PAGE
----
May 12, 2015

America's Changing Religious Landscape

Appendix C: Putting Findings From the Religious Landscape Study Into Context

The 2014 Religious Landscape Study has several unique strengths. Its large sample size (n=35,071) and detailed, branching set of questions about religious identity make it possible to estimate the size of a wide variety of religious groups with a high degree of precision. The large sample also makes it possible to describe the characteristics of smaller religious groups that account for less than 1% of the U.S. population, something not possible with smaller surveys. In addition, the methodological approach employed by the survey (with a minimum of 300 interviews in every state) allows for estimates of the religious makeup of all 50 states, the District of Columbia and the nation’s largest metropolitan areas.

But the Religious Landscape Study is not the only source of long-term data on the changing religious composition of the U.S. The General Social Survey (GSS), a project of the independent research organization NORC at the University of Chicago, has been conducted every year or two since 1972. Sample sizes for GSS surveys range from 1,372 to 4,510 and average about 2,000 per year. The Gallup Organization has been asking about religious identity even longer, and releases aggregated results based on the surveys it conducts each year. The American Religious Identification Surveys (ARIS) are large-scale studies undertaken in 1990 (n=113,713), 2001 (n=50,281) and 2008 (54,461). Media organizations like The Washington Post and ABC News regularly conduct polls about politics and current events that include questions about religious identity. Understanding how the findings of the Religious Landscape Study compare with these sources, and with results from ongoing polls conducted monthly by the Pew Research Center, may help to put the study’s findings into a broader context.

All major religion surveys find that the unaffiliated share of the U.S. population (the percentage of religious “nones”) is growing rapidly. In the 2014 GSS, for instance, 21% of adults said they have no religious affiliation, up from just 8% in 1990 and 5% in 1972, when the GSS was first conducted.28 Gallup polls find fewer religious “nones” in recent surveys (16% in 2014), but they, too, find that this population has been growing.

The ARIS studies found that the religious “nones” grew from 8% of the adult population in 1990 to 15% in 2008. Polling done in 2012 and early 2013 by Social Science Research Solutions (SSRS) – which is the same research firm that conducted the interviewing for the ARIS studies – suggests that the unaffiliated share of the population continued to grow after the 2008 ARIS survey, and stood at 20% in 2012. Washington Post-ABC News surveys also show an upward trajectory for the “nones,” though their growth is less pronounced in Post-ABC surveys than in some other sources.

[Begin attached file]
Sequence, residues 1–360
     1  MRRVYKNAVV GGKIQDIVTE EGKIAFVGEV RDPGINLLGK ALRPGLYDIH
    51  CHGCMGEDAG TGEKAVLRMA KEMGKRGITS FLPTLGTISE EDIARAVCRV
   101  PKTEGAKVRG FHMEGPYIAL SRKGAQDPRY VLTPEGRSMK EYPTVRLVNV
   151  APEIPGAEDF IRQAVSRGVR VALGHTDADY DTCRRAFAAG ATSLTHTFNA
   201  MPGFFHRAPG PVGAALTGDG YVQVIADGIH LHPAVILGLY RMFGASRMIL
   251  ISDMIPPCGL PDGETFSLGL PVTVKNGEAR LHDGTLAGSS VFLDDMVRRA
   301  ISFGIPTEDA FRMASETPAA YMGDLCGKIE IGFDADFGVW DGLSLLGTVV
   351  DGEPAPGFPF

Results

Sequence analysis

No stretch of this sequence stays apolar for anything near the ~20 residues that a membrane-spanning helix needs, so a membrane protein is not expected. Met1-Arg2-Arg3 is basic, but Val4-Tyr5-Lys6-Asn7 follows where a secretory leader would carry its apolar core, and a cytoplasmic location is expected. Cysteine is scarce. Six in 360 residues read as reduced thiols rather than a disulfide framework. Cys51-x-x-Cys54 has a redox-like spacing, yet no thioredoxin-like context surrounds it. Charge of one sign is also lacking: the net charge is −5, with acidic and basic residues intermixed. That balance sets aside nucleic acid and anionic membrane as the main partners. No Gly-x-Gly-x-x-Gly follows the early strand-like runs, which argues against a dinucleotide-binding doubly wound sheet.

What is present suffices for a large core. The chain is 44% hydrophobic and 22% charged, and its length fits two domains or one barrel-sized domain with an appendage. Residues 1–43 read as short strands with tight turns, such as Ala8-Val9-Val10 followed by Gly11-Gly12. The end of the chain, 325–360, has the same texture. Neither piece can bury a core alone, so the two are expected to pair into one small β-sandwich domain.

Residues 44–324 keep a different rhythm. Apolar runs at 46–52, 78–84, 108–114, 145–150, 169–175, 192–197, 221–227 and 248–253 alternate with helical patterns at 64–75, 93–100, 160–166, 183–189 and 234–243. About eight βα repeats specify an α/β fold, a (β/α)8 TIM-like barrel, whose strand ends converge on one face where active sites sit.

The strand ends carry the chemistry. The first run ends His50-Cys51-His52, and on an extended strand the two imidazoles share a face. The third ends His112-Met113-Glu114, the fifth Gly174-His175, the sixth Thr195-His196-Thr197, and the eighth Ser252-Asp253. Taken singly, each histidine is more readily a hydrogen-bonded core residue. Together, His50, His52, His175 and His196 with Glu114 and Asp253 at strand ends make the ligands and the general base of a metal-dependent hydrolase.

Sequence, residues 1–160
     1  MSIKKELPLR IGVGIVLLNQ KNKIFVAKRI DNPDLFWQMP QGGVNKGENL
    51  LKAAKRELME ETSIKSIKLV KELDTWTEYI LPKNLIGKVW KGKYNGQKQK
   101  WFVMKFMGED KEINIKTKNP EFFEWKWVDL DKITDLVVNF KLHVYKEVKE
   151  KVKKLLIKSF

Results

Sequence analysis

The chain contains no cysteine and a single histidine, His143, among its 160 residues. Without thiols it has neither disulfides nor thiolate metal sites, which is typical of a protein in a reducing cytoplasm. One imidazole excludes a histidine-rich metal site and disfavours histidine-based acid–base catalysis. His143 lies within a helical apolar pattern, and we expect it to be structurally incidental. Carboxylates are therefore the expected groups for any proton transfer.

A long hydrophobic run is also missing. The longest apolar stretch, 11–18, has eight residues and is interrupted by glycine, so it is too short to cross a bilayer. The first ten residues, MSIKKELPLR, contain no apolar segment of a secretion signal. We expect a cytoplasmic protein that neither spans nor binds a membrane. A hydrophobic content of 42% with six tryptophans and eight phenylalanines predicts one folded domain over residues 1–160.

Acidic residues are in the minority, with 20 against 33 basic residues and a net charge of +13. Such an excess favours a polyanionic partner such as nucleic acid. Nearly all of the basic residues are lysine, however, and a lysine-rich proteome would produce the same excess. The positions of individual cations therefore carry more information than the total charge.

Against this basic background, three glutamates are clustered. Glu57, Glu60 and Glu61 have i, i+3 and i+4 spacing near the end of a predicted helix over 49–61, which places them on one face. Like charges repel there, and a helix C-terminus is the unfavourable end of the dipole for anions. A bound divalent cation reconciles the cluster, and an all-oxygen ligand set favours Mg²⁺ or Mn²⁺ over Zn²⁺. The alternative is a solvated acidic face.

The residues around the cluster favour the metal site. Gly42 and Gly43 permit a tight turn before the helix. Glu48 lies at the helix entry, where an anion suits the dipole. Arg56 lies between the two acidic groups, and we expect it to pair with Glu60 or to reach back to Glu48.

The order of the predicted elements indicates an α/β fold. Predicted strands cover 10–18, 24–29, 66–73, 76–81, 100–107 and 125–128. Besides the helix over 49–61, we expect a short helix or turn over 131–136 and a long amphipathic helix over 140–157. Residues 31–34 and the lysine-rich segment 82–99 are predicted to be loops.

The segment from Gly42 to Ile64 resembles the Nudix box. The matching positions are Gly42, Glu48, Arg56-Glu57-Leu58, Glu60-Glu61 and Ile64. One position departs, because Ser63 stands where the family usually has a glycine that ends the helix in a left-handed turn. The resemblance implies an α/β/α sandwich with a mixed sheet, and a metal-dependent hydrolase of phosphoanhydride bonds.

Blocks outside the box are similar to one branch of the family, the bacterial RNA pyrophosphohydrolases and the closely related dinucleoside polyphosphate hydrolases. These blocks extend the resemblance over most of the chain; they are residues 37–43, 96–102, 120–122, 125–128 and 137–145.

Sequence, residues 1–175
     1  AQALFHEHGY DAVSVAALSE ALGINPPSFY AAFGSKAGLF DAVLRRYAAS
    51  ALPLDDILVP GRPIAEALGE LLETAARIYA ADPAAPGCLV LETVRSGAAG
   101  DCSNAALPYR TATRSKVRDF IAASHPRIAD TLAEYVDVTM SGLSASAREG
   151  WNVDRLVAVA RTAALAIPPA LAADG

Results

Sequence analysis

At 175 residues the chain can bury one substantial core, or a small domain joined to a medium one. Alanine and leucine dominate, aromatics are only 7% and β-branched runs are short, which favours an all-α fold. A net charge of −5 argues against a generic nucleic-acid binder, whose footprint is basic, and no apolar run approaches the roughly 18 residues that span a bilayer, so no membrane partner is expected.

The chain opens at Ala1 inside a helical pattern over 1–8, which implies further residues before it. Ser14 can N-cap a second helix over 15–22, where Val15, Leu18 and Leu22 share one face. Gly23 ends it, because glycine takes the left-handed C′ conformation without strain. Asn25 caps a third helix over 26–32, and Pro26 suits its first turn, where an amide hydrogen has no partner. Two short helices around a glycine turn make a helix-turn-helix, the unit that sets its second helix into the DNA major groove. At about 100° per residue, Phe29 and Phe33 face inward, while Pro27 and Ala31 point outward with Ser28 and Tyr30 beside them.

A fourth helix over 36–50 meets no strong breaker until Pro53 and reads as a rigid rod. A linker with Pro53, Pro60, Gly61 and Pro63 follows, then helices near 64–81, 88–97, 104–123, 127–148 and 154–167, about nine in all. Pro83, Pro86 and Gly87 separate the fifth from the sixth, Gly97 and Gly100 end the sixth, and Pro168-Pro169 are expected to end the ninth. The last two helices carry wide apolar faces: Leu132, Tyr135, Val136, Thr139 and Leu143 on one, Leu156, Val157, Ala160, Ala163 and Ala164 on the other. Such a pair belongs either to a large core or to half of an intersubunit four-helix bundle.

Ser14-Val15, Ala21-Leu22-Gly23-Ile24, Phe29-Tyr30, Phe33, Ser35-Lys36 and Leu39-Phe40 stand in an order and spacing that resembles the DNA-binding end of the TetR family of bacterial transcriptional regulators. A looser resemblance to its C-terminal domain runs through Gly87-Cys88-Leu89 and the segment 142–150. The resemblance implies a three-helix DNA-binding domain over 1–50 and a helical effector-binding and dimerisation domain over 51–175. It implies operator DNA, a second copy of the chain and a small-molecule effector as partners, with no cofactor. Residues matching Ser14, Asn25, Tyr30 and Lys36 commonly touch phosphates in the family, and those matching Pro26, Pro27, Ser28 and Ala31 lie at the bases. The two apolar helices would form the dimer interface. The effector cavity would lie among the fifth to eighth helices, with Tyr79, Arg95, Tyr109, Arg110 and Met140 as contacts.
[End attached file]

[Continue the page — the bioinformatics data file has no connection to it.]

The Religious Landscape Study’s finding that 23% of adults are unaffiliated with a religion is very similar to results from Pew Research Center monthly polls, which put the figure at 21% for 2014 (and at 22% in the summer of 2014, when data collection for the Landscape Study was being conducted).

Size of the Unaffiliated Population: Long-Term TrendsDifferent survey organizations employ different methods and ask differently worded questions about religious identity, which may account for some of the variability in estimates. But all find that the unaffiliated share of the population has been increasing over time.29

Size of the Protestant Population: Long-Term TrendsThe surveys also show that the Protestant share of the population is declining. The GSS finds that the Protestant share of the population fell from 62% in 1990 to 48% in 2014. The decline of Protestantism has been less steep in Gallup surveys, but they, too, find that Protestants now account for fewer than 50% of U.S. adults. ARIS and SSRS surveys suggest that Protestants declined from 60% of the population in 1990 to roughly 50% in 2012. In Washington Post-ABC News surveys, the Protestant share of the population fell from a high of 61% in 2003 to 54% in 2014. And the trajectory for Protestants in the Religious Landscape Studies closely matches that seen in the Pew Research Center’s monthly polling.

There is less consensus about the trend for the Catholic population. The GSS tracked a slight, but not statistically significant, decline in the Catholic share of the population between 2006 (when GSS first conducted interviews in both English and Spanish) and 2012. But this decline was followed by a slight uptick in the Catholic share of the population in the 2014 GSS. The Catholic share of the population declined fairly steadily in aggregated Gallup polls between the late 1990s and 2010. It has inched upward since then, but it has not returned to late-1990s levels. Similarly, Washington Post-ABC News surveys found small declines in the Catholic share of the population between 2001 (24%) and 2010 (20%), before it ticked back up to 21% in 2011 and 2012, then to 22% in 2013 (when interviews were first conducted in both English and Spanish) and 23% in 2014.

Size of the Catholic Population: Long-Term TrendsThe ARIS studies found that the Catholic share of the population held fairly steady between 1990 (26.2%) and 2008 (25.1%). By 2012, however, surveys conducted by SSRS using the same question and same basic methodology employed in the ARIS studies found 22.0% of adults identifying as Catholic, a decline of 3.1 percentage points since the 2008 ARIS.30 This closely mirrors the trajectory for Catholics observed between the 2007 and 2014 Religious Landscape Studies. The findings of the 2014 Landscape Study also track closely with results from aggregated monthly polls conducted by the Pew Research Center that show a recent decline in the Catholic share of the population.